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THE DARK SIDE: Public campaign financing in an unjust society

David Ziemer

David Ziemer

In Dr. Martin Luther King Jr.’s Letter from Birmingham Jail, he famously wrote, “Injustice anywhere is a threat to justice everywhere.”

I most certainly agree.

Curiously, though, the inverse of that statement is also true: Justice anywhere is a threat to injustice everywhere.

For proof, one need look no further than the example of the Berlin Wall. West Berlin, surrounded by the injustice of the Communists in East Germany, was not so threatened by that injustice that they had to build the wall.

Instead, the justice that existed in West Berlin was such a threat to the injustice that existed everywhere in the Soviet bloc that the Communists had to wall it out.

The same is true today.

In a just society, all citizens are free to buy goods from anyone else, anywhere in the world, free of restriction. In an unjust society, the majority dictates to the majority what they may buy and from whom.

The free citizen in a just society does not care if his fellow citizen chooses to pay more for inferior goods, based solely on where they are manufactured.

But the unjust society feels threatened if a free citizen buys quality goods for low prices. So the unjust society imposes tariffs on imported goods to restrict the citizen’s freedom of choice.

In a just society, all citizens are free to sell their labor to the highest bidder, free of restrictions. In an unjust society, the terms and conditions of employment are dictated by the state.

The free citizen in a just society is only concerned with his own employment, and does not inquire about his neighbor’s salary. But the unjust society is threatened by the unrestricted exchange of labor for dollars, and thus imposes wage and hour laws, such as the infamous New York statute justly struck down in Lochner v. New York, 198 U.S. 45 (1905).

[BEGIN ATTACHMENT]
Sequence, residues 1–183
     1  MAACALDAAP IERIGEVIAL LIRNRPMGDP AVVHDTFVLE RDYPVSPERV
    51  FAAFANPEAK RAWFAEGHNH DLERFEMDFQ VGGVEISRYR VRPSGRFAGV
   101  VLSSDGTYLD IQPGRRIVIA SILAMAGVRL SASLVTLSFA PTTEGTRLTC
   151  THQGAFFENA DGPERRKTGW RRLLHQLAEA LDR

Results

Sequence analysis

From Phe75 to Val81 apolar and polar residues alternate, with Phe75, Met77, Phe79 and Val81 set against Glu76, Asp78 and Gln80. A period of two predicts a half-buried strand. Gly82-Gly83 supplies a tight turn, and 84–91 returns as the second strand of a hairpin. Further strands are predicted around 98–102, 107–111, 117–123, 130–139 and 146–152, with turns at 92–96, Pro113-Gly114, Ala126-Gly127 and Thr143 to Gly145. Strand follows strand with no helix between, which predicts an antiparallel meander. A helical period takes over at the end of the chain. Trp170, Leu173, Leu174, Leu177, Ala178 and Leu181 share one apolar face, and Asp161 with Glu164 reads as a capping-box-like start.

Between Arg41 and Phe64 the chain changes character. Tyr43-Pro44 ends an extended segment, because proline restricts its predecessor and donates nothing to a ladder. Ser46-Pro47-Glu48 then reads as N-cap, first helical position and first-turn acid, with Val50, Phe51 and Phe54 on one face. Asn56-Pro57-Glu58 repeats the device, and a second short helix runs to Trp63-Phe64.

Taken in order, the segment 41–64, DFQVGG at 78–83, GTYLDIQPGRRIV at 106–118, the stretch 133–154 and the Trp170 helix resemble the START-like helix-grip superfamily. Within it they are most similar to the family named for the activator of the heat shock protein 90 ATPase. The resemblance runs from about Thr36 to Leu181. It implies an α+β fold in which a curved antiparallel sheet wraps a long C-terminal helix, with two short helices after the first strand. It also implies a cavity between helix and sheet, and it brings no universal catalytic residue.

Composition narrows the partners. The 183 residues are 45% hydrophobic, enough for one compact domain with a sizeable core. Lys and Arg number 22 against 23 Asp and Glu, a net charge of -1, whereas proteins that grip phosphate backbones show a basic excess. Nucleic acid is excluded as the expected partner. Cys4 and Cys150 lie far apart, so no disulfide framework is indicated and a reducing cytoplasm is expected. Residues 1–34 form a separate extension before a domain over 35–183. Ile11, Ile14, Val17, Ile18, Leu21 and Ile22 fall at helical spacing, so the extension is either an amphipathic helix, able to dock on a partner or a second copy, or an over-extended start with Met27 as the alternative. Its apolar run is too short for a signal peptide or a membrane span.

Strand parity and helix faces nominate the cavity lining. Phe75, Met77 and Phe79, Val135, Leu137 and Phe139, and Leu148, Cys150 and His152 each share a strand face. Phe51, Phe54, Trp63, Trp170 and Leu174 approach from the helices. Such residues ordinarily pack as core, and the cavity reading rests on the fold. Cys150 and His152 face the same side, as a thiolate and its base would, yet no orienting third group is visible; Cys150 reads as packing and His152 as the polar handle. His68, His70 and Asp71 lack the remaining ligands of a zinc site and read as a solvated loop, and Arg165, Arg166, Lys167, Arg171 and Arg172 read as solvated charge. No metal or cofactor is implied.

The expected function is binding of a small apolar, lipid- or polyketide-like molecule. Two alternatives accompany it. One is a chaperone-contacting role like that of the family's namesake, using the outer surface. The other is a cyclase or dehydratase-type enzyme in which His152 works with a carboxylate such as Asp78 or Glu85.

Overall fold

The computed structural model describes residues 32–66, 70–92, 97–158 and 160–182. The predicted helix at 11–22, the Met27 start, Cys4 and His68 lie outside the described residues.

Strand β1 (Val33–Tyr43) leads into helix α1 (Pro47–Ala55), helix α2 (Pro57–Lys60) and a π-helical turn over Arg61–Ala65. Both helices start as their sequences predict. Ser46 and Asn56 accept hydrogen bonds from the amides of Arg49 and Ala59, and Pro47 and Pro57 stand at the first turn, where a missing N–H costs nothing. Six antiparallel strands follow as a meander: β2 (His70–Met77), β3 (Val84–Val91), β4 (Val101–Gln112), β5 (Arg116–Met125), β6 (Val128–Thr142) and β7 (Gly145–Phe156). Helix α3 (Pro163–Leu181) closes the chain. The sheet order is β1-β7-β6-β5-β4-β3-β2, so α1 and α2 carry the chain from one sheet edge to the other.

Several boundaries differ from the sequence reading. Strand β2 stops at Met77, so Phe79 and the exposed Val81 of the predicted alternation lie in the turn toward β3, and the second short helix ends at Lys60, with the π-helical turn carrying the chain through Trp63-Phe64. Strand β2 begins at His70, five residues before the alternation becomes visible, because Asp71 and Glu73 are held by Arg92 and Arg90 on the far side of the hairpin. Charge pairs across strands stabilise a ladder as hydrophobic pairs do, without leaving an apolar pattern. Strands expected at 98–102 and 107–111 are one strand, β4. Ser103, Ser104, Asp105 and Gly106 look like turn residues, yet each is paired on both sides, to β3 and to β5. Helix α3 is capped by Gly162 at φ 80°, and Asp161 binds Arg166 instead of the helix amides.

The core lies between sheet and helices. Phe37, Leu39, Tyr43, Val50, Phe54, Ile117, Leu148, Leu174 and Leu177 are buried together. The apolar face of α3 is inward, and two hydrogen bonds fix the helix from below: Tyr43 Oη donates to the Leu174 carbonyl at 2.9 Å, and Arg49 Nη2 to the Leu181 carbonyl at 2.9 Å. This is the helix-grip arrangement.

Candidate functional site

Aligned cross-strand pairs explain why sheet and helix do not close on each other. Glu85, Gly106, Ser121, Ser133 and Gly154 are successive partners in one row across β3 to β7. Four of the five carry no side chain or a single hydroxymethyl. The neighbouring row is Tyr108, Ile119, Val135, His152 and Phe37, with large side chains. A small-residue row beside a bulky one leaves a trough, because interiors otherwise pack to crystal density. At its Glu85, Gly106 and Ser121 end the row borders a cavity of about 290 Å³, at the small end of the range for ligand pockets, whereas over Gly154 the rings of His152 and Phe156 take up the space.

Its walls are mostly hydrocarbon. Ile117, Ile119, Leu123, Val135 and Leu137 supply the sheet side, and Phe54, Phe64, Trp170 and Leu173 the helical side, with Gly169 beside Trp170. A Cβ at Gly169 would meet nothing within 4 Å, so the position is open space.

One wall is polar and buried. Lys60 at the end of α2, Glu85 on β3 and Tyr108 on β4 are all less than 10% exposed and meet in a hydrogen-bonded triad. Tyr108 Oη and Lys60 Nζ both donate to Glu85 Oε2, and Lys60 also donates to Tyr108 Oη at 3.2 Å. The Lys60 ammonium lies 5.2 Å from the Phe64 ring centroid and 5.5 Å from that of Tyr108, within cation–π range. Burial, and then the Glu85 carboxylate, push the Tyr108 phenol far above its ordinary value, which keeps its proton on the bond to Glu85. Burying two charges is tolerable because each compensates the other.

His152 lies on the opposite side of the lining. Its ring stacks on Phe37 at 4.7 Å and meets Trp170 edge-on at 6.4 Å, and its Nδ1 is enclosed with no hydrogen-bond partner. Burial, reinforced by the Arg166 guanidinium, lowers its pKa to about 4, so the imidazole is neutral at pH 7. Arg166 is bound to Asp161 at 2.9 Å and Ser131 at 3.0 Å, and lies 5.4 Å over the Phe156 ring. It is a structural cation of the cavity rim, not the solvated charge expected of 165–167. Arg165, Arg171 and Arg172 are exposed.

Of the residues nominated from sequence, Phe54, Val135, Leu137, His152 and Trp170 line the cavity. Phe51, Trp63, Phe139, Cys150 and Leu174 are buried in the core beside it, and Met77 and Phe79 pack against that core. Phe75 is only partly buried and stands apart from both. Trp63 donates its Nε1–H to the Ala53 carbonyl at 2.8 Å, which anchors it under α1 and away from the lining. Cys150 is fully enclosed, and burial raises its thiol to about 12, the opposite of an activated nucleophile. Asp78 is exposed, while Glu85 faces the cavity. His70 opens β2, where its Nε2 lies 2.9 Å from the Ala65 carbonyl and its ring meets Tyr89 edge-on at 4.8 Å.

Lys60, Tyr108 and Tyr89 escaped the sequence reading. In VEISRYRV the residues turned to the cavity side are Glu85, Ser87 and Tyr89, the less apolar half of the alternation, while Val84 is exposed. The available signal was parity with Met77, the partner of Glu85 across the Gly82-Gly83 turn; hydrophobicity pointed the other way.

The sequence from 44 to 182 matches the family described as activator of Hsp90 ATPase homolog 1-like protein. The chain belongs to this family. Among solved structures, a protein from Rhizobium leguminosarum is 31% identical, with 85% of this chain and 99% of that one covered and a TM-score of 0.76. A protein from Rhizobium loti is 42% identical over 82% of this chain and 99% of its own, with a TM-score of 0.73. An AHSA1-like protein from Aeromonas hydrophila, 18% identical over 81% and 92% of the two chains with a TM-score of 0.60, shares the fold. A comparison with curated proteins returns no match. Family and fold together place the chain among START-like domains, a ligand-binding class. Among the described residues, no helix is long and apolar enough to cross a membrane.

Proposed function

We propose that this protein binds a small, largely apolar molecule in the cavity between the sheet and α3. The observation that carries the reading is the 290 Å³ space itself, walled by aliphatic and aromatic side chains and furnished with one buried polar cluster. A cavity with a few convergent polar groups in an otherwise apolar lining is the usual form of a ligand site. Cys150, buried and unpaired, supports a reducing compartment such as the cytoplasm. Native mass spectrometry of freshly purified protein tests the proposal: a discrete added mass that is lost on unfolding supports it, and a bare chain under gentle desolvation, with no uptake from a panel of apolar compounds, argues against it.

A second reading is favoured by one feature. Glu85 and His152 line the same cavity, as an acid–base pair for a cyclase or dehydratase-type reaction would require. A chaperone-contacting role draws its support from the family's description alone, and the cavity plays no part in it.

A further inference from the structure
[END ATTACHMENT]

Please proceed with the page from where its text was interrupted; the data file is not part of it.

In a just society, citizens are free to buy goods and services subject to contracts that limit their remedies, in exchange for a lower price. But the unjust society is threatened by free citizens negotiating the terms of their contracts. So, the unjust society artificially inflates the cost of goods and services through so-called consumer protection laws that limit citizens’ liberty of contract.

In a just society, those who work hard and produce wealth are not taxed to support those who refuse to work. A free citizen is not concerned with whether another free citizen chooses to support a third citizen who will not work.

But the unjust society is threatened by free citizens deciding for themselves whom they wish to support. So, the unjust society encourages sloth and discourages work by taxing the citizens who produce wealth in order to subsidize those who only consume it.

In a just society, free citizens vote for and support political candidates of their own choosing. The just citizen is not threatened by the campaigns of his opponents; the just citizen has faith that his opinions are righteous and that other citizens will agree with him if exposed to those opinions.

But the unjust society is threatened by citizens who seek to limit the power of the state. So, the unjust society uses taxes to finance political campaigns and places limits on citizens’ ability to financially support candidates who seek to limit state power.

Dr. King was correct. Injustice anywhere is a threat to justice everywhere. But the historical record is clear that injustice is far more threatened by the mere existence of justice.


  1. If you knew even the slightest thing about some of the topics you touch here, you’d know that laws protecting labor (such as regulations on workplace safety) were far stronger in West Berlin than in the eastern bloc. (And in a not-unrelated parallel, so were environmental regulations imposed on industry.)

    In a just society, employers can’t just fire you after a piece of their machinery lops off your arm, jackass.

  2. of course they can, provided they pay the required compensation and you are no longer able to perform the job.

  3. This article reminds me of the classic Star Trek episode, “I Mudd.” (Stardate 4513.3). Spock tricks an android who has taken control of the Enterprise by telling him that he is always lying. To which Norman the Android responds:

    “You say you are lying. But if everything you say is a lie, then you are telling the truth. You cannot tell the truth because everything you say is a lie. You lie, you tell the truth … but you cannot, for you lie.”

    Norman then melts down, unable to process Spock’s illogic. In this article, the author plays the role of Spock and the reader that of poor Norman.

  4. But everything I say is true and correct. Everyone knows that.

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